Yevamot, Chapter Thirteen, Mishnah One
Chapter thirteen discusses the marriage of a minor, her right to refuse and thereby annul the marriage when she reaches majority age and the implications that this has on the laws of yibbum.
According to the rabbinic understanding of the Torah, a father can marry off his daughter when she is a minor and cause her to be fully married (deoraita). This marriage can only be severed by death or divorce. If the father dies, the daughter cannot be fully married until she reaches majority age. The rabbis, however, gave the girls mother and brother the ability to marry her off while still a minor. The status of such a marriage is rabbinic (derabanan). Since this is a lesser form of marriage, she may refuse the marriage and any point until she is no longer a minor. Such a refusal is called meun. If she does the marriage is annulled and she does not even require a get.
Our mishnah contains five debates between Beth Shammai and Beth Hillel concerning this right of refusal.
1) Beth Shammai says: Only those who are betrothed may exercise the right of refusal;
a) But Beth hillel says: Both those who are betrothed and those who are married.
2) Beth Shammai says: [A declaration of refusal may be made] against a husband but not against a yavam;
a) But Beth Hillel says: Either against a husband or against a yavam.
3) Beth Shammai says: [The declaration] must be made in his presence,
a) But Beth Hillel says: Either in his presence or not in his presence.
4) Beth Shammai says: [The declaration must be made] before the court,
a) But Beth Hillel says: Either before the court or not before the court.
5) Beth Hillel said to Beth Shammai: [A girl] may exercise the right of refusal while she is a minor even four or five times.
a) Beth Shammai said to them: The daughters of Israel are not ownerless property! Rather, either she makes a declaration of refusal and then waits until she is of age, or she makes a declaration of refusal and marries again [immediately].
Section one: According to Beth Shammai only those who are betrothed are allowed to make a declaration of refusal and thereby leave their husbands without a get. Beth Hillel says even if she was married she may do so. According to the Talmud, Beth Shammai allows only the betrothed woman to refuse because if the married woman also was able to refuse, men would not want to spend the money involved in marrying a minor, lest she later refuse the marriage.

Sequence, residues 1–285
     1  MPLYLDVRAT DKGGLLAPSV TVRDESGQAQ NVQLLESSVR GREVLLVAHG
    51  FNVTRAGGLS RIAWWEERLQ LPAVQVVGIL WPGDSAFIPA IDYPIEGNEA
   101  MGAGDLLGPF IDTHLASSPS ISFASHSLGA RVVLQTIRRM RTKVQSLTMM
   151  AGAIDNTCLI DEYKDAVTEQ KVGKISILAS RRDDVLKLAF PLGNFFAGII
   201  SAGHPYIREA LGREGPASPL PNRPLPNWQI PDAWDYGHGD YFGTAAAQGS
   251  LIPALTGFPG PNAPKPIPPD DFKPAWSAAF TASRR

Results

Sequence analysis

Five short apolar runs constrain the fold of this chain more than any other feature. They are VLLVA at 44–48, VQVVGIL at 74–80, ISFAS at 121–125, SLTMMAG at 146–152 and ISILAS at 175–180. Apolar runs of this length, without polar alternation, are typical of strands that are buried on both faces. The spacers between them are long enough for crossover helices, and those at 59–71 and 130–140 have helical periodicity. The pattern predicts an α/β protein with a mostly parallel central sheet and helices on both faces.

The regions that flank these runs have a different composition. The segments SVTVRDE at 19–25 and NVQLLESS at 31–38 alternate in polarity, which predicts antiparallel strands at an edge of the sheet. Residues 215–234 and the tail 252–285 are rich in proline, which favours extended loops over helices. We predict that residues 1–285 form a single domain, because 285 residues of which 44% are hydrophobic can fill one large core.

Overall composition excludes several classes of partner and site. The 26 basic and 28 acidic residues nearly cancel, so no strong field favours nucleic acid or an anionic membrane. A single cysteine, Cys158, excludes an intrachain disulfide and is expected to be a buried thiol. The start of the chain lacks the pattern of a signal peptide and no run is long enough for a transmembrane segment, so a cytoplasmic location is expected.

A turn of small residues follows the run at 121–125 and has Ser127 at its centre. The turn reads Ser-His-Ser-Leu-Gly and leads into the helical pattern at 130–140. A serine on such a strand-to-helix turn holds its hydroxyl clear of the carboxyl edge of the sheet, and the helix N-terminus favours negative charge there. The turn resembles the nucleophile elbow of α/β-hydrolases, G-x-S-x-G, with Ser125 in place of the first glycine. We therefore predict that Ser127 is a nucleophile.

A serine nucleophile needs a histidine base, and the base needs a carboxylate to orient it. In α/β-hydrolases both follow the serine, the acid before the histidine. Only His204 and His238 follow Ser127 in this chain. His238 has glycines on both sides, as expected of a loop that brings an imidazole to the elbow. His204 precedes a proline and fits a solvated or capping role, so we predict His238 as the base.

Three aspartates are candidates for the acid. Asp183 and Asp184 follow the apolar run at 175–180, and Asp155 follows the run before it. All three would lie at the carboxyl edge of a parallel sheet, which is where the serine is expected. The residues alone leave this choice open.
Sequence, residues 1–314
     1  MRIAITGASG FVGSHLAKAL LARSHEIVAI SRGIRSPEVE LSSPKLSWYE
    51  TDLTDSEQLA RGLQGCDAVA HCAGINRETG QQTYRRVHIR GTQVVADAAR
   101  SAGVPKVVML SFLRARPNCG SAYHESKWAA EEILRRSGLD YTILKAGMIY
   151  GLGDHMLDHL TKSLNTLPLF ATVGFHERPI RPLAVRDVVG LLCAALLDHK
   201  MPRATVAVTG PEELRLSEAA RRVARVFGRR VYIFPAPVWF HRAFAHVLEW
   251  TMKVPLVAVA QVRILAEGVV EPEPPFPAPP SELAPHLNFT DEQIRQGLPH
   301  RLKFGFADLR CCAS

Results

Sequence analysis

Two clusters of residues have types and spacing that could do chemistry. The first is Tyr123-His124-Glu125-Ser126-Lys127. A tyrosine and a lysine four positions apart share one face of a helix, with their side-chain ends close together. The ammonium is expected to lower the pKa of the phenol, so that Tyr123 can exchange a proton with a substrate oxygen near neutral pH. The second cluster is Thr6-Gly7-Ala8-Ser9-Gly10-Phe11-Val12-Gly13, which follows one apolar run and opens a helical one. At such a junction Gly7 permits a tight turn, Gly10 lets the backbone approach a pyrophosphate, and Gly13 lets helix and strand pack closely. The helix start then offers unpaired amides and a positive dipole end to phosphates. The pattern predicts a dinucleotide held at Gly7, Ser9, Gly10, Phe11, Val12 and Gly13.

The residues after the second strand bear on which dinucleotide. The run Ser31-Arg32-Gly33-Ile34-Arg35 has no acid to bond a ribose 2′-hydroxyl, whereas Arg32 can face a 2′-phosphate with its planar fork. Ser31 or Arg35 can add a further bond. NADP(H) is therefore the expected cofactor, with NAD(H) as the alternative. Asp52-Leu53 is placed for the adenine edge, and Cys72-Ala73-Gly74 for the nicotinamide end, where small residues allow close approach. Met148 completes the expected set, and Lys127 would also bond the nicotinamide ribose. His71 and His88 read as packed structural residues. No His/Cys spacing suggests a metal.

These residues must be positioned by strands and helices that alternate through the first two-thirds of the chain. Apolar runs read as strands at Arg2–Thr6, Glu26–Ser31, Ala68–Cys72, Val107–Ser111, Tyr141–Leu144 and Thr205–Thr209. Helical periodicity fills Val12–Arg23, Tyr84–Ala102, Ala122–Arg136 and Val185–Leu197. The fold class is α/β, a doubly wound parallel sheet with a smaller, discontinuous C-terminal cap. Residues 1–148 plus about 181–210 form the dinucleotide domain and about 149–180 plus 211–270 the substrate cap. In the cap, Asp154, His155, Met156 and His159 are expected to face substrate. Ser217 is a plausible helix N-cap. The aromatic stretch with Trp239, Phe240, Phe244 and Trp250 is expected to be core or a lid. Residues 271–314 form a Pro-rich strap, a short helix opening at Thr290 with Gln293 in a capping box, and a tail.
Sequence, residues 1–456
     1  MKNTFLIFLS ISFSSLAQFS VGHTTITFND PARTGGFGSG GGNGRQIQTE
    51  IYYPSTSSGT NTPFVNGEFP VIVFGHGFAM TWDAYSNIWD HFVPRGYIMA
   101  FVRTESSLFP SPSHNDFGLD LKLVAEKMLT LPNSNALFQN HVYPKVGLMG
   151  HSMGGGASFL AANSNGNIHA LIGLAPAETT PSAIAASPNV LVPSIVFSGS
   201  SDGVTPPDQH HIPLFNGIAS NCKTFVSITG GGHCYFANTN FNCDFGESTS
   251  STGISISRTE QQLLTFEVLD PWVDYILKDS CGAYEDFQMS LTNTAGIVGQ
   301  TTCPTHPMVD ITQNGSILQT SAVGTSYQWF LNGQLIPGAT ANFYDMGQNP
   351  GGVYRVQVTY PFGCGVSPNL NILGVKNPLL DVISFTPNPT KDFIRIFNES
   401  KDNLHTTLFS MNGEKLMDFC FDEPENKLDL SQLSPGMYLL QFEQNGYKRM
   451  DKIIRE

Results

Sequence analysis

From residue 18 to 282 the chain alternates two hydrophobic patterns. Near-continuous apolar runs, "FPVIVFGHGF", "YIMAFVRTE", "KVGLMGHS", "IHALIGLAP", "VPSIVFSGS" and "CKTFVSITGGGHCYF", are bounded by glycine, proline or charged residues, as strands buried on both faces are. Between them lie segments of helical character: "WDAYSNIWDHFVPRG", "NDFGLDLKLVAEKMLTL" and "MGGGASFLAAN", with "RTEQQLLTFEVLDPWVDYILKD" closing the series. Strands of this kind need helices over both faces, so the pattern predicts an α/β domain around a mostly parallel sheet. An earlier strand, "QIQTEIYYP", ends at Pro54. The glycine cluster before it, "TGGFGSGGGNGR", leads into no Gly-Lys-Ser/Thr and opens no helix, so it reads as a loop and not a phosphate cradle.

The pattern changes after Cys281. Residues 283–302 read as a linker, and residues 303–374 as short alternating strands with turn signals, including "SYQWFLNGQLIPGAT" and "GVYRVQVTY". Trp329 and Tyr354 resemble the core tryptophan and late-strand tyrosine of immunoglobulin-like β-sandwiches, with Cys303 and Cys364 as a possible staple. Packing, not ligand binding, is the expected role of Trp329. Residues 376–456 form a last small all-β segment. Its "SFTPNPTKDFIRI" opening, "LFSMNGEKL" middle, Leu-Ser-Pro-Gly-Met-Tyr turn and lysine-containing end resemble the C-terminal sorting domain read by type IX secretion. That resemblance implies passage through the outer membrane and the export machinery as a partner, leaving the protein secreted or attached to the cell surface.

Section two: If the minor girl was married off by her mother or brother and then her husband died, according to Beth Shammai she cannot make a declaration against her yavam. Rather she must wait until she reaches majority age and then request halitzah. However, according to Beth Hillel she may make such a declaration against the yavam as well. However, even though she has annulled her marriage to the yavams brother, she cannot at a later point marry the yavam, since she was at one point his brothers wife.
Section three: According to Beth Shammai, she must make the declaration of refusal in front of him. According to Beth Hillel, this is not necessary.
Section four: According to Beth Shammai, she must make the declaration of refusal in front of a court. According to Beth Hillel, this is not necessary.
Section five: According to Beth Hillel, as long as she is still a minor, she may be married off as many times as her brothers and mother wish and she may later refuse as many marriages as they offer. Beth Shammai offers a moral objection to this possibility, for through it a girl could be betrothed (but according to Beth Shammai not married) to several men without ever having received a get. Rather she either waits until she is an adult or makes a declaration of refusal and then marries immediately, at which point she could no longer refuse, according to Beth Shammai. Note that this last section is phrased differently than the previous sections. According to some mishnaic commentators, since Beth Shammai explains their position the halakhah is according to them in this section. In all of the other sections, the halakhah follows Beth Hillel, as it usually does.